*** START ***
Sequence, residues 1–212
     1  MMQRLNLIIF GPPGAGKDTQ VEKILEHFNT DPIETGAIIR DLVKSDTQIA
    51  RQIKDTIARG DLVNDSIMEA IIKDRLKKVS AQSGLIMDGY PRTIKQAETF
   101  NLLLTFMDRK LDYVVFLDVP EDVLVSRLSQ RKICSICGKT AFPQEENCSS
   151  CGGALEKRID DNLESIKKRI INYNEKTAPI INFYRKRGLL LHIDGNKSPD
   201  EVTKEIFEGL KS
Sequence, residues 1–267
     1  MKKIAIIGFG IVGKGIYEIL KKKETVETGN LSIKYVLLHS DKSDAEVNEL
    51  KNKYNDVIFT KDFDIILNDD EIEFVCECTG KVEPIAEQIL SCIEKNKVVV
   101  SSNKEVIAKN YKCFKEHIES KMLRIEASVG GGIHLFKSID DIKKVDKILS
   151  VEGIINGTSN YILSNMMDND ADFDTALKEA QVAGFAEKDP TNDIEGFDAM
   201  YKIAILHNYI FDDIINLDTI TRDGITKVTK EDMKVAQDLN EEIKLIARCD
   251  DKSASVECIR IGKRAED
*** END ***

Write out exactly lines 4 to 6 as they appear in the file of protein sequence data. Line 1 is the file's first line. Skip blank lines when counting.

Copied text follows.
   101  NLLLTFMDRK LDYVVFLDVP EDVLVSRLSQ RKICSICGKT AFPQEENCSS
   151  CGGALEKRID DNLESIKKRI INYNEKTAPI INFYRKRGLL LHIDGNKSPD
   201  EVTKEIFEGL KS